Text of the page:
Go TO Content

Upholding the Values of Democracy and Freedom, Creating a Vision of Cross-Strait Peace

Upholding the Values of Democracy and Freedom, Creating a Vision of Cross-Strait Peace Chao Chien-Min Deputy Minister of the Mainland Affairs Council, Executive Yuan, ROC (Taiwan) November 2, 2011 / Taipei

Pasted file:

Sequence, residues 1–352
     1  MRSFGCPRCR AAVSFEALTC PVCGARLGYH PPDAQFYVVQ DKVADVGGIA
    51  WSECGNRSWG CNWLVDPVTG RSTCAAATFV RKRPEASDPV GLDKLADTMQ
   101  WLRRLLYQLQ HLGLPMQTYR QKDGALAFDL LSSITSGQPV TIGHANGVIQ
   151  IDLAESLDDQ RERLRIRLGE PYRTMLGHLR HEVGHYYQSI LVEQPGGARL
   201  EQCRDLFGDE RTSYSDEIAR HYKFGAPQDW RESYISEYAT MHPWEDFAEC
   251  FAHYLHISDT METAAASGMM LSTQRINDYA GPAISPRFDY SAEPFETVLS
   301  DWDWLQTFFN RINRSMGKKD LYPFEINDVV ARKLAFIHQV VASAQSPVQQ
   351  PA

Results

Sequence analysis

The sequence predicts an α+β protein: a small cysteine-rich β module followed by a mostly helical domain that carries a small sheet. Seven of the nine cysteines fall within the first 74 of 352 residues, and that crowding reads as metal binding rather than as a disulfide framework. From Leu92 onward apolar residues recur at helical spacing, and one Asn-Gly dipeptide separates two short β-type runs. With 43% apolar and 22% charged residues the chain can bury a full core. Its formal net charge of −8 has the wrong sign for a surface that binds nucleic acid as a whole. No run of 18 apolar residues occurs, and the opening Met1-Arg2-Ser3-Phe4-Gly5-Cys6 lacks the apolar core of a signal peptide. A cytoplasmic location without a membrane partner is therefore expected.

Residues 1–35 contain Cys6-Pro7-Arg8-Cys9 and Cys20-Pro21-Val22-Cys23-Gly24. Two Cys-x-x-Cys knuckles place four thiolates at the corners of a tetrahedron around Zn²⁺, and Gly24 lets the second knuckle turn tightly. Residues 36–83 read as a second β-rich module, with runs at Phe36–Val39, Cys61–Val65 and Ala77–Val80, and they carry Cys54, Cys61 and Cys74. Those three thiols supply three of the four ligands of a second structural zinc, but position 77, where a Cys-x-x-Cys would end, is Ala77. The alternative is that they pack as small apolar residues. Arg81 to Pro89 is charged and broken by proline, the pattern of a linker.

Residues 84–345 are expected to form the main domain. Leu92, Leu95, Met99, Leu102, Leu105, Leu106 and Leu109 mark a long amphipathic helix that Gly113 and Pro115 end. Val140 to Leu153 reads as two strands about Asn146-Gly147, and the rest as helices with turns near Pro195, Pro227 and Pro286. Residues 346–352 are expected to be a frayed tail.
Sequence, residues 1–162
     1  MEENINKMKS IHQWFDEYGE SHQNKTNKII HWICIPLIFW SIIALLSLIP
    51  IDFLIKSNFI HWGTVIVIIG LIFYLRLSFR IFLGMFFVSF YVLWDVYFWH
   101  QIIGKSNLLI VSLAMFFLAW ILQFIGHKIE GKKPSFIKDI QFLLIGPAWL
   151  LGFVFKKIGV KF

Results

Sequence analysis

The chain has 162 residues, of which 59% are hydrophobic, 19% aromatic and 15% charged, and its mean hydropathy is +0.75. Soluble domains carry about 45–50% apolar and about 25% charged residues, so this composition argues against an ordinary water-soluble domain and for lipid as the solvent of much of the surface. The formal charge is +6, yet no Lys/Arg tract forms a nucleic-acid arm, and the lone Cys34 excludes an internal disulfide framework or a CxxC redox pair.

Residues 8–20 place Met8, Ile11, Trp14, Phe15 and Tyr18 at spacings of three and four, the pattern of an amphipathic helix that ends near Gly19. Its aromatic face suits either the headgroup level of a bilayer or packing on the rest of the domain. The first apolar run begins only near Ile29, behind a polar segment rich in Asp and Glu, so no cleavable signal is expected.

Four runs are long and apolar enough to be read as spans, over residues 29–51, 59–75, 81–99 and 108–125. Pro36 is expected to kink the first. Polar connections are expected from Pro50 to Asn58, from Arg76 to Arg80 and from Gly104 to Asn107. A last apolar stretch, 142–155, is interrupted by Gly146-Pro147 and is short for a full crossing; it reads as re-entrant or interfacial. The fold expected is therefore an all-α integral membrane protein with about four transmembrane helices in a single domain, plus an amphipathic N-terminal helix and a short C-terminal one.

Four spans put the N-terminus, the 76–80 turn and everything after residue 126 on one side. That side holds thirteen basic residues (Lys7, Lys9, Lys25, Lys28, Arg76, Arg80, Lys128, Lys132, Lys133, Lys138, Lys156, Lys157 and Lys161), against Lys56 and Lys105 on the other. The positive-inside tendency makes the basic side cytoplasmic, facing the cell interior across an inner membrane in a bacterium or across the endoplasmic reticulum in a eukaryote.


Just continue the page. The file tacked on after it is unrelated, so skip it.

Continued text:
Chairman Tian, Distinguished Guests, Ladies and Gentlemen, Good morning! I would like to thank the Institute for National Policy Research (INPR) for its efforts in holding this international conference on "Opportunities and Challenges in Cross-Strait Relations and East Asia." On behalf of the Mainland Affairs Council (MAC), I wholeheartedly welcome all of the scholars and experts here today to join us in this event and participate in the discussions. Over the past more than three years, the ASEAN Plus Three, the Trans-Pacific Partnership (TPP), the Free Trade Area of the Asia-Pacific (FTAAP), bilateral economic agreements between Asian countries, and other mechanisms have steadily advanced economic integration in the Asia-Pacific region and enabled East Asian countries to jointly play a pivotal role on the global economic stage. Faced with this trend, the United States has solemnly declared its returning to Asia. Taiwan has also seized the historic opportunity presented by improved cross-strait relations to actively develop bilateral economic and trade relations with its neighboring countries. These changes have captured the international spotlight. Another issue highly worthy of attention is the relationship between internal political changes and regional development among the key players in the evolving terrain of East Asia, including the United States, Japan, ASEAN, mainland China, and Taiwan. Scholars and experts have gathered here today to probe and exchange views on these very important issues. It is also the purpose that the MAC and the INPR would like to achieve by jointly holding this conference. The improvement of cross-strait relations over the past more than three years has been a critical factor for the regional security and stable development in East Asia. Since President Ma Ying-jeou came into office in May 2008, the government of the Republic of China (ROC) has firmly maintained the status quo of "no unification, no independence, and no use of force" in the Taiwan Strait under the framework of the ROC Constitution. It has also resumed institutionalized cross-strait negotiations based on the "1992 Consensus” of “one China with respective interpretations." Our position is that "one China" stands for the "Republic of China." To date, the Straits Exchange Foundation (SEF) and the Association for Relations Across the Taiwan Straits (ARATS) have held seven high-level talks, signed 16 agreements, and reached one consensus, which have laid an important foundation for progressively building cross-strait mutual trust and maintaining peace in this area. These fruitful results have also contributed enormously to regional security, stability, and prosperity. I would now like to speak about the major significance and achievements of the ROC's Mainland China policy, as well as the prospects for the future of cross-strait relations. 1) Actively establishing peaceful and stable cross-strait relations in keeping with the constitutional democracy of the ROC The Republic of China was established a century ago as the first democratic republic in Asia. The founding ideals of the ROC have taken root and grown strong in the land of Taiwan. Here, different ethnic groups coexist, with feelings of identify influencing each other and converging to form the shared values we cherish in Taiwan today, which are—freedom, democracy, human rights, and the rule of law. The institution that holds these values together is the constitutional democracy of the ROC. The experience obtained from the past more than three years has demonstrated that an overall environment of cross-strait peace and a stable status quo have been steadily ensured and established. Under the principles of reciprocity, and dignity, the two sides can carry out benign interactions. They have shelved disputes over sovereignty and accepted a mutual non-denial of authority to govern, enabling government officials of the two sides to sit down and negotiate. At the same time, widening exchanges and deepening interactions between the societies on the two sides in various fields have gone a long way to dispelling the past hostility between the two sides. Taiwan's values—freedom, democracy, human rights, and the rule of law—and its attitude towards life have led to the healthy development of cross-strait relations in the course of dialogue and exchanges between the two sides. Over the past more than three years, the sovereignty and the democratic system of the ROC have not only remained intact in the course of cross-strait interactions, but in fact grown stronger. 2) Creating a peaceful and stable external environment for Taiwan to become a stabilizing force amidst changes in East Asia The ROC’s Mainland policy is to create an external environment for Taiwan to develop stably. We are pragmatically aware that the two sides must discard the cold war mindset in our relations and jointly create a win-win outcome. In short, as our ancestors said, we must "bury the hatchet and beat swords into ploughshares." We respect the facts that different historical experiences of the two sides over the past more than four centuries have created diversities, and that more than six decades of estrangement and misunderstanding will need to be resolved one step at a time. Internally, the ROC’s Mainland policy needs to reconcile the different views of the ruling and opposition parties, while externally safeguarding national sovereignty and the rights and interests of the people. By sticking to our position and principles, we are steadily cultivating the confidence of the people of Taiwan in exchanges with the Mainland, not letting the Mainland's rising political and economic power shy us from dialogue and exchanges. With this confidence, Taiwan can continue to improve cross-strait relations on a sure footing, and turn the Taiwan Strait from an East Asian flash point into a force for stability in the East Asian region. It can also enable the two sides to treat each other rationally and work jointly for lasting peace. This is a sure-footed road and the right path to peace — one that we are absolutely committed to taking. 3) Implementing signed agreements so the fruits of institutionalized negotiations can be jointly shared by all Over the past more than three years, the government has promoted institutionalized cross-strait negotiations under the principle of "putting Taiwan first for the benefit of the people" and the national development strategy of "strengthening Taiwan, connecting with the Asia-Pacific region, and positioning globally." It has placed priority on issues related to the livelihood of the people in order to resolve specific problems faced by the public. The major contributions of this approach to the welfare of the people on both sides of the Strait as well as to benign development of cross-strait relations include the following: —Opening direct cross-strait sea and air transport links, implementing direct cross-strait postal service links, and building solid infrastructures for cross-strait contacts. —Allowing the Mainland people to visit Taiwan for tourism and permitting Mainland investment in Taiwan to promote a two-way balance and mend the previously lopsided flow of personnel, capital, and technology from Taiwan to the Mainland. —Carrying out cross-strait cooperation in various fields of finance, quarantine and inspection of agricultural products, and standards, metrology, inspection and accreditation to resolve problems obstructing the promotion of cross-strait financial exchanges, trade in goods, and investment. —Promoting cross-strait cooperation on food safety, medicine and health, joint crime-fighting and judicial mutual assistance, and protection of intellectual property rights to bring order to exchanges and ensure the health, safety, humanity, intellectual property rights, and other rights and interests of the people on both sides. Among the 16 cross-strait agreements, I would particularly like to single out the Cross-Strait Economic Cooperation Framework Agreement (ECFA), which was signed on June 29 last year, and its importance both to Taiwan and the development of cross-strait relations. The ECFA’s significance for Taiwan lies not only in its construction for institutionalized cross-strait economic and trade dealings, or the cutting of tariffs on items in the early harvest lists. Its even greater significance is the signal of cross-strait peace that it sends out to the world, prompting other governments to more actively consider negotiating and signing economic cooperation agreements with Taiwan, which is vitally important for preventing Taiwan from the threat of economic marginalization and bringing Taiwan’s economy further into alignment with world markets, a crucial step to “bring the world to Taiwan and take Taiwan into the world.” Following the signing of the ECFA, Taiwan is now in talks with Singapore over an economic partnership agreement. The Philippines, Indonesia, India, New Zealand, Japan, the European Union, and other major economic and trade partners have also expressed willingness to sign related economic agreements with Taiwan. On September 22 this year, Taiwan and Japan signed an investment agreement covering promotion, protection, and liberalization of investment. It is the first comprehensive investment agreement that Taiwan has signed with a major trading partner. It also marks a new milestone in the development of relations between Taiwan and Japan. As such, it is a highly significant development for the ROC in its active efforts to expand Taiwan's foreign economic and trade relations as well as space in the international economy. These examples of Taiwan's reconnection to the world economy demonstrate that improved cross-strait relations have given Taiwan greater latitude on the international stage. The results of cross-strait negotiations have created mutually beneficial win-win cooperation between the two sides, reduced the tension from long-term confrontation in the past, and ushered in an unprecedented new era in the history of cross-strait relations. They have also laid a solid foundation for the prospects of harmony and prosperity in the East Asian region. 4) Institutionalizing and continuing the peaceful status quo in the Taiwan Strait, creating lasting cross-strait peace President Ma Ying-jeou recently presented his overall strategic objectives rooted in the vision for "peace across the Taiwan Strait" under the "Golden Decade" blueprint. These objectives are to consolidate the sovereignty of the ROC, uphold Taiwan's subjectivity, and create an overall environment for lasting cross-strait peace. I would particularly like to note that, considering and promoting the signing of a cross-strait peace agreement is not something we need to do today, but a task that we cannot avoid in the future. It actually means to institutionalize and continue the status quo of "no unification, no independence, and no use of force" in the Taiwan Strait: a position supported by 90% of the people in Taiwan. We will not plan the agreement content in accordance with the framework and thinking of the Mainland side, and we will not talk about unification. Rather, we will firmly uphold the rights and interests of Taiwan's 23 million people, and we will build lasting peace between the two sides. I believe this is a wise move by a responsible national leader. The government has never set a timetable for negotiations on a peace agreement. Rather, it will cautiously proceed based on consideration of domestic, cross-strait, and international factors. In particular, the people of Taiwan are still deeply suspicious of and unsettled by the political system in mainland China. Moreover, there is no way to fully establish mutual trust between the Taiwan Strait when the Mainland has not yet abandoned its policy on using force against Taiwan. The government attaches much importance to the potential risks and uncertainties, so it is still premature to promote the signing of such an agreement. Most importantly, related premises and conditions must be met before the two sides can negotiate and sign a peace agreement, which can be summarized and categorized as "ten major assurances," including "one framework, two premises, three principles, and four guarantees." The "one framework" means maintaining the status quo of "no unification, no independence, and no use of force" under the framework of the ROC Constitution. The "two premises" are that there must be a strong consensus in domestic public opinion and that the two sides must have built up sufficient mutual trust. When lacking either, no agreement will be promoted. The "three principles" are that the agreement must be weighed and promoted based on "national need, public support, and legislative oversight." The “four guarantees” are the guarantee of the sovereign independence and integrity of the Republic of China, that of Taiwan's security and prosperity, that of ethnic harmony and cross-strait peace, and that of a sustainable environment and the welfare of society. The government has no timetable for promoting a cross-strait peace agreement, and the future decision on whether or not to sign a peace agreement will be made by the people of Taiwan through a referendum. A peace agreement is an extremely serious issue. Based on the above-mentioned premises and conditions, we will carefully and prudently weigh the negotiation and signing of a cross-strait peace agreement from Taiwan's perspective and position and with a view to consolidating the peaceful status quo. This is not about changing the status quo in the Taiwan Strait, nor is it a matter of ultimate unification. More importantly, we would like the world to see that, regarding the issue of a peace agreement, we hold a national position and will define the preconditions for promoting an agreement based on our interests and needs. The ROC government will rely on the will of the 23 million people of Taiwan in facing the complexities of cross-strait relations, and we will determine the process for advancing based on conditions favorable to Taiwan. The theme of today's conference, "Opportunities and Challenges in Cross-Strait Relations and East Asia," is highly instructive in terms of understanding the current situation in the region. Although recently there have been periodic disputes in the region on the South China Sea issue, all of the sides have exercised restraint, showing that peace and stability are the greatest common values among countries in the region. As a responsible member of the region, Taiwan will continue to contribute and exercise its influence to maintaining cross-strait peace and stability in the Asia-Pacific region. In closing, I would like to wish for the full success of the conference, and I thank you all for your attention. Thank you!